The Dodge Brothers have always made it a point to tap tradition within their musical motif. The UK-based band started out as a skiffle group, playing music that was the actual English equivalent of early rock and roll, before they opted to veer towards a more vintage direction, one that encompasses sounds that take their cue from bluegrass, folk, and country.
The band — which currently consists of Alex Hammond playing percussion, washboard, drums, pocket change “and other things that make noise,” Mike Hammond on guitar, dobro, banjo, and vocals, Aly Hirji on guitars, mandolin, and vocals, and Mark Kermode playing double bass, harmonica, accordion, and vocals — was first founded in 1996 when Hammond and Jermode were introduced by their wives. “We originally came together through a love of pre-war country blues and gospel, and the rich primordial stew that spawned bluegrass, country, rock n roll and rhythm and blues,” Hirji recalls. “It currently takes the form of country blues with a dash of rockabilly.”
Although the band made their mark early on by providing skiffle covers of film soundtracks, Hirji says their music is primarily culled from such influences as Charley Patton, Dock Boggs, Geechie Wiley, Elvie Thomas, Bukka White, Little Jr. Parker, Elvis Presley, Ralph Stanley, and The Beatles. The sound has served them well. In addition to their three albums — Louisa and The Devil, The Sun Set (recorded at Sun studios in Memphis), and Drive Train — they’ve performed at all the major venues in Britain, including The Royal Albert Hall, The Roundhouse in Camden, The Barbican, The 100 Cub, and The Borderline, as well as in Edinburgh, Scotland, Manchester, England, the Isle of Man, and Belfast, Northern Ireland. Along the way, they’ve also played several major festivals — among them, Glastonbury, Cropredy, Larmer Tree, and the various film festivals which have found them providing the musical accompaniment for classic silent movies.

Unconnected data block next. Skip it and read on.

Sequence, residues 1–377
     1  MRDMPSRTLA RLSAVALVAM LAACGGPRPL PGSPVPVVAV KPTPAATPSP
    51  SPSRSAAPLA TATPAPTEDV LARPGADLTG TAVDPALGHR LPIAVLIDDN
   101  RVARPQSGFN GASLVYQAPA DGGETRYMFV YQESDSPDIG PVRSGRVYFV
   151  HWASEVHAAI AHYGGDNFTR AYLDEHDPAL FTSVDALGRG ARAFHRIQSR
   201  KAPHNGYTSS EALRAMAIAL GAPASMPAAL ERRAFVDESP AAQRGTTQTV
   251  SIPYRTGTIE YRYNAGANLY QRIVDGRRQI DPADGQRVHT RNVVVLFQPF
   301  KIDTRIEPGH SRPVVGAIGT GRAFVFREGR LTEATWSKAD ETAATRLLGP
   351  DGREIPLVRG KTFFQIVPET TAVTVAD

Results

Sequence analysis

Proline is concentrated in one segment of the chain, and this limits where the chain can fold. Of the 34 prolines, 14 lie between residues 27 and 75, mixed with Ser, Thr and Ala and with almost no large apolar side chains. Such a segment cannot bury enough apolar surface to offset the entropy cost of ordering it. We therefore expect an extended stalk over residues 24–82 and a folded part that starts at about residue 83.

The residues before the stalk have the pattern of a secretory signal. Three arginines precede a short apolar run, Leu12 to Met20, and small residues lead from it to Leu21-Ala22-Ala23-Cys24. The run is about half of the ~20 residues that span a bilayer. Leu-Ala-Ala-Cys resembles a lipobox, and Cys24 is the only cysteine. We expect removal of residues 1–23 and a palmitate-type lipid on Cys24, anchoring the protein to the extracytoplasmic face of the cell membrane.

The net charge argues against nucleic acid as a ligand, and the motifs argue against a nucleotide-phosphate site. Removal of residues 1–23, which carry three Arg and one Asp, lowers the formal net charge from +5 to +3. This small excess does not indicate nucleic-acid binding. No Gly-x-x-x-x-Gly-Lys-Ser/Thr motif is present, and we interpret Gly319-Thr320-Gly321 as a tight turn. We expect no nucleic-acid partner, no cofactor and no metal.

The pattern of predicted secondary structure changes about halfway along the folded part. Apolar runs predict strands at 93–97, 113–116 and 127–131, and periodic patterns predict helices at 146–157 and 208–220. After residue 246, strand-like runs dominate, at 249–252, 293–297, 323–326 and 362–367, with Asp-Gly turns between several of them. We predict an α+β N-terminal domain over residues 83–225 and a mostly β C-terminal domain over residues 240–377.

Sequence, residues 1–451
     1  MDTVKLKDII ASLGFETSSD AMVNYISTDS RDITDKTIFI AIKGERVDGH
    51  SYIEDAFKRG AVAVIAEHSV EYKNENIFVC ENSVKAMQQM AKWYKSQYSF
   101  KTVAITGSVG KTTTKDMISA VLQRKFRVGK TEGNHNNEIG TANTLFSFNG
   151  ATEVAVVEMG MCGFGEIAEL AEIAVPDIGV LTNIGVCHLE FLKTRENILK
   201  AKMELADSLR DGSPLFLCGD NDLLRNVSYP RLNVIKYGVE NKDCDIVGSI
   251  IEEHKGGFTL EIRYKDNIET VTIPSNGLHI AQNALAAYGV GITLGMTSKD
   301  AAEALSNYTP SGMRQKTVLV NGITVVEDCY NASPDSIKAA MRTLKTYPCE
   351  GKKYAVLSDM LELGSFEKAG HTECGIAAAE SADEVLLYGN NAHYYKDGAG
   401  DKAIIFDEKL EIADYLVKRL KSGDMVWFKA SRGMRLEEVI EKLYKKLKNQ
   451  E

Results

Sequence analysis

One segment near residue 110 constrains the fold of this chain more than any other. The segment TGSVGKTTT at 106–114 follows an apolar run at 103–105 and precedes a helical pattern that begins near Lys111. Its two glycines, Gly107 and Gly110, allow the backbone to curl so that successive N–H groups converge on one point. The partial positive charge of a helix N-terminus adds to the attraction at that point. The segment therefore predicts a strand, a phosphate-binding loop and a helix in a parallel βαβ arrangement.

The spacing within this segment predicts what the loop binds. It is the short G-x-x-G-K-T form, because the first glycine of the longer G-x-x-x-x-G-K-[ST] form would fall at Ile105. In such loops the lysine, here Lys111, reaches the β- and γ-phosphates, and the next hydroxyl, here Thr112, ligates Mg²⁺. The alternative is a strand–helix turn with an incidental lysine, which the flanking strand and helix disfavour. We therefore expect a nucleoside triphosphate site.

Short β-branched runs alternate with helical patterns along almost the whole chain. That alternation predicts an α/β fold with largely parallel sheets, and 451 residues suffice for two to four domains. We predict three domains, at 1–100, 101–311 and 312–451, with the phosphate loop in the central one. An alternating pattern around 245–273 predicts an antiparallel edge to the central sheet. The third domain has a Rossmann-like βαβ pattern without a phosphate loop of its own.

Along with performing throughout their native UK, and sharing the bill with the likes of Jools Holland and his Big Band, CW Stoneking, Wanda Jackson, The Subways, Imelda May, Fairport Convention, and The Wilders, among the many, they’ve also had the opportunity to tour Norway and the Finnish Lapland.
Not surprisingly, they’ve won any number of kudos from fans and critics alike. “We regularly sell out venues and have had rave reviews for our live performances and our albums,” Hirji notes.
The BBC also did a documentary about the band’s visit to Memphis. A shortened version can be seen below.
While Hirji says the band mostly perform original songs “in the old tradition,” they also do the occasional cover, such as Charley Patton and Betha Lee’s Oh Death and False Hearted Lover by Dock Boggs. Nevertheless, it’s clear that they’ve found great success in creating their own niche and making music that’s original and intriguing, even as they tap tradition.
So too, it’s little wonder why the Dodge Brothers maintain such reverence for the roots, especially when it applies to mining the basics of bluegrass.
“Bluegrass scratches that itch that no other music can,” Hirji insists. “It’s out for blood!”
Of course it is. After all, it’s the flow of that blood that nourishes it all.